States Experiment With Out-of-Classroom Learning

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At the end of this month, most of Ohio's teenagers will shake off their summertime blues, dust off their book bags, and head back to school. But others might be heading to an internship at a local newspaper or hitting the books for independent study. Some might even stay planted in front of the computer screen.

That's thanks to the state's new credit flexibility program, which Ohio is launching for the 2010–11 academic year. The plan puts Ohio on the front lines of a transition away from a century-old paradigm of equating classroom time with learning. But while there's a broad consensus that that measure, the Carnegie Unit, is due for replacement, no such unanimity exists about the design and prospects for plans like Ohio's. While most stakeholders agree that it's theoretically preferable to give students the chance to personalize their education, it remains unclear how effective the alternatives are, how best to assess them, and whether today's teachers are equipped to administer them.

"Certainly the Carnegie Unit needs undermining," says Chester E. Finn Jr., president of the Thomas B. Fordham Institute, a Washington-based education think tank that also runs charter schools in Ohio. "It's far better to have a competency-based system in which some kind of an objective measure of whether you know anything or have learned anything is better. But by what standard will Ohio know that's been met?"

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The Buckeye State's program will be among the most sweeping, but nearly half of the states now offer similar alternatives—although in many cases that's nothing more than allowing students to test out of classes by demonstrating proficiency. A smaller but growing number of states, from Florida to New Jersey to Kentucky, have begun allowing students to earn credit through internships, independent studies, and the like. It's a logical extension of the realization that simply being in a seat from bell to bell doesn't guarantee intellectual development. Students—and their parents—are at least theoretically attracted to the idea of studying what they want, at the pace they want.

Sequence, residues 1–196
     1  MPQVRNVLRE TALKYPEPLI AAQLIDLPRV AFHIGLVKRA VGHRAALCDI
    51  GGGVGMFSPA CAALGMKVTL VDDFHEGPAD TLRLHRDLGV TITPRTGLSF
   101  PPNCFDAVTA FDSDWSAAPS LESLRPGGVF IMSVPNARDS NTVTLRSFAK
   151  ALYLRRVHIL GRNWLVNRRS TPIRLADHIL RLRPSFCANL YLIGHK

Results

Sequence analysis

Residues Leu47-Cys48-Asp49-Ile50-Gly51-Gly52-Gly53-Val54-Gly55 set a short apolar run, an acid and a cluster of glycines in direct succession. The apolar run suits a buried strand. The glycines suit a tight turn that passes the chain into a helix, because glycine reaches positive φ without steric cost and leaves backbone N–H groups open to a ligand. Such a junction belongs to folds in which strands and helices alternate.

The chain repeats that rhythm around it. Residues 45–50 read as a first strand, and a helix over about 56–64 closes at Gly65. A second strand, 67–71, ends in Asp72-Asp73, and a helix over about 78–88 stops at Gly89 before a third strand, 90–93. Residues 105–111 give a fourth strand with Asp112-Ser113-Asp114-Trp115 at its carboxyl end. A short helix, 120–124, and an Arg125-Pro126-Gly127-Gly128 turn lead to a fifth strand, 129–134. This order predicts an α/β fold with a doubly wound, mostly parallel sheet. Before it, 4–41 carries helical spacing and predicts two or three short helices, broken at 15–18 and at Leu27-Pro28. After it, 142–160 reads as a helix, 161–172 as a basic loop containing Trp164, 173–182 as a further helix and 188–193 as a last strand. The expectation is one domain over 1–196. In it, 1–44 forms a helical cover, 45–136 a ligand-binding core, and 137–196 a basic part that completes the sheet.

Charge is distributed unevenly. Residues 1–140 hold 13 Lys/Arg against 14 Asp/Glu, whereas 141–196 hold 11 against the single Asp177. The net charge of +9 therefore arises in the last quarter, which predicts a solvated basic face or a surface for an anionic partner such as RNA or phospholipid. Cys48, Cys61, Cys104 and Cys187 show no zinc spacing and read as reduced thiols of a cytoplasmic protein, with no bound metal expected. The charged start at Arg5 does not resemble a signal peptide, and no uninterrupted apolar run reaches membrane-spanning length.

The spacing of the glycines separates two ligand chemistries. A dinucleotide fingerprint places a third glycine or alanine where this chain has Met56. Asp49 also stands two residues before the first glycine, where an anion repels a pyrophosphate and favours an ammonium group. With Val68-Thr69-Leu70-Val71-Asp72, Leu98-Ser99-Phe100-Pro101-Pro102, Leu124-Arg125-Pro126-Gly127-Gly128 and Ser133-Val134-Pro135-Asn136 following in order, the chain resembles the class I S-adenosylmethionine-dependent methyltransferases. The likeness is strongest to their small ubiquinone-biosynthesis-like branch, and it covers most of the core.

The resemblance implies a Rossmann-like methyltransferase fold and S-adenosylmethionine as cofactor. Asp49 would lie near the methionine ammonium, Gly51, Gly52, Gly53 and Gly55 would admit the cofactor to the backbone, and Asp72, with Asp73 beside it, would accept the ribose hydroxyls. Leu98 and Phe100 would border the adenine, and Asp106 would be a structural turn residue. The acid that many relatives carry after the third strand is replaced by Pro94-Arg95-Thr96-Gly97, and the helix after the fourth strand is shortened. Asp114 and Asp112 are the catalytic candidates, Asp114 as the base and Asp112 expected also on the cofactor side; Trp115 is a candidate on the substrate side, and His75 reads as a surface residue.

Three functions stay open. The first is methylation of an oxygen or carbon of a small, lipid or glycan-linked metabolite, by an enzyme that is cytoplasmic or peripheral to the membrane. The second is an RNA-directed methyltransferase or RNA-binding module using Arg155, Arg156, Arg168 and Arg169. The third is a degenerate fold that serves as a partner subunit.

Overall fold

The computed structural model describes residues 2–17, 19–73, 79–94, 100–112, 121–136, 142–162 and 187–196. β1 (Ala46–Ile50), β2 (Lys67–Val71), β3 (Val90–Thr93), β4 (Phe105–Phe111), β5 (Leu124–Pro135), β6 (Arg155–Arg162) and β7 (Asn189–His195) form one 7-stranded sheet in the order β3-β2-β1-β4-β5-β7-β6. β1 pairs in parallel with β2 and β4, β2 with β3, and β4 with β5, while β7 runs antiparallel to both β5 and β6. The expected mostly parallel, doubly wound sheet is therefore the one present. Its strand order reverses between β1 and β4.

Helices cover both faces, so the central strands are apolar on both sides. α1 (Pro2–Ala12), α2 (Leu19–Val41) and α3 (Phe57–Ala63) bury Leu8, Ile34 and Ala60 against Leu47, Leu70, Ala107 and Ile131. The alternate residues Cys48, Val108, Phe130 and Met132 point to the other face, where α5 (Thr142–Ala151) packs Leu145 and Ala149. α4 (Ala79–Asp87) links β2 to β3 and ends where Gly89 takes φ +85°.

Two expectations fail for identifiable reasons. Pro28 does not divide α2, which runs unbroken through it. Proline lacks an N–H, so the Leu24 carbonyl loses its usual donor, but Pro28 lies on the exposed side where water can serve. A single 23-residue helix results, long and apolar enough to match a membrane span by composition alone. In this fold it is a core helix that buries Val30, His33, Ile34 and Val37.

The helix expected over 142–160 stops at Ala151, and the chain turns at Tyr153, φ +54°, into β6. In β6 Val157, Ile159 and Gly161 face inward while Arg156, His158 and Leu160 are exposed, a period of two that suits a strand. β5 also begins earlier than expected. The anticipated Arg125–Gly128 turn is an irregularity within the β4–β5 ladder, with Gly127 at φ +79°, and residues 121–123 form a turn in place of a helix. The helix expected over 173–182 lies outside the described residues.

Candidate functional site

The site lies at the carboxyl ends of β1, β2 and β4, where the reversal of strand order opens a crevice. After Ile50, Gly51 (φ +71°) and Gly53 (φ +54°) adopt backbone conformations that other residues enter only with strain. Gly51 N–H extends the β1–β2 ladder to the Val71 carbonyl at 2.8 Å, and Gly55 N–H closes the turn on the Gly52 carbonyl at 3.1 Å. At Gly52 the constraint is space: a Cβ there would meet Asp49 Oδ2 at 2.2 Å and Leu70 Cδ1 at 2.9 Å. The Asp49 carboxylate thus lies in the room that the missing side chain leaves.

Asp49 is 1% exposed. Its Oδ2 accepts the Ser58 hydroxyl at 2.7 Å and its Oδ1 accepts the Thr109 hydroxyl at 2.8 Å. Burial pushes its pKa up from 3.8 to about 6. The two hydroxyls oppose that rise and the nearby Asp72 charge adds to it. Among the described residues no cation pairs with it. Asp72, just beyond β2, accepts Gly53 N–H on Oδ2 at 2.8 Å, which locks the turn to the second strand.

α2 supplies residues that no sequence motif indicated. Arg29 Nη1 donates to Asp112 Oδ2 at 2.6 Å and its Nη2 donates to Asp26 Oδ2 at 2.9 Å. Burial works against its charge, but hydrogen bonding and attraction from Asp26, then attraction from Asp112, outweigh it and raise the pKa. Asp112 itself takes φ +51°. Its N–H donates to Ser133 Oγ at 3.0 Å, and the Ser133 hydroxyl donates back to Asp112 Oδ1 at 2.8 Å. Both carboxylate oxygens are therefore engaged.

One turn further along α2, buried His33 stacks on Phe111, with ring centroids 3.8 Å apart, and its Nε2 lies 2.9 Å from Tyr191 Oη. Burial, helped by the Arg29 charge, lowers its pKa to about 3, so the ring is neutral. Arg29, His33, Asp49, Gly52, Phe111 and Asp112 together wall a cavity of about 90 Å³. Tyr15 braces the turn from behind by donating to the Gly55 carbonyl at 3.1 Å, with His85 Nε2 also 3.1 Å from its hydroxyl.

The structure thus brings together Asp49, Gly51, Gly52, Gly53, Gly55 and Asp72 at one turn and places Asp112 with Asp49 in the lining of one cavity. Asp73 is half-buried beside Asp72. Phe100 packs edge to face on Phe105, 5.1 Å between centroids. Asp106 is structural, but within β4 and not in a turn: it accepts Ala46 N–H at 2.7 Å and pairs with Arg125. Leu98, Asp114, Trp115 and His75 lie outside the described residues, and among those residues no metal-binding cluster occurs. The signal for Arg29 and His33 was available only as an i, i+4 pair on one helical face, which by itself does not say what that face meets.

Teachers are on board, too. "It really will allow more meaningful experiences for students," says Sue Taylor, president of the Ohio Federation of Teachers, a teachers' union that participated in designing the program. "Any time a student is able to take the lead or take some charge of some aspect, that student is going to be more motivated and learn something at a deeper level." The motivation will extend to educators, she says: many teachers complain that the controversial No Child Left Behind law forced them to "teach to tests," preparing students to pass inflexible multiple-choice assessments, but the new rules should make room for more creativity.

Of course, creativity can't preclude quality. "The concern is that the advocates of personalization don't necessarily advocate between good personalization and bad personalization," says Rick Hess, director of education policy studies at the conservative American Enterprise Institute. "A lot of these internships end up being time wasters, being silly, being trivial." While individual schools have found success with flexible systems, it's unclear how they will work when scaled up to apply to entire districts or states. Many states with provisions for internships and independent-study programs are "local control" states, meaning that while the state's Department of Education may mandate or allow high schools to give students options, the decision about what qualifies as a valid educational experience is left to local authorities. The bar could be set differently from city to city, school to school, or even teacher to teacher. Ohio, for example, hasn't offered solid guidelines to districts, although a spokesman says the state will collect data each year on how many students participated and what program they chose in order to "inform Credit Flex statewide going forward." It won't conduct a formal audit, though.

That's not enough for some observers. "That's an easy way for state officials to hide behind the mantra of local control and shirk authority," Finn says. In fact, it could run at cross-purposes to a push for the Common Core national curriculum standards, an effort President Obama has endorsed and which he discussed in a July 29 speech on education policy. "It's ironic that we're moving toward national standards even at the same time as we are freeing students to do what they want," Finn says. "How do [policymakers] reconcile the commonness and heavy intellectual standards they've adopted? I don't think it's going to be done well."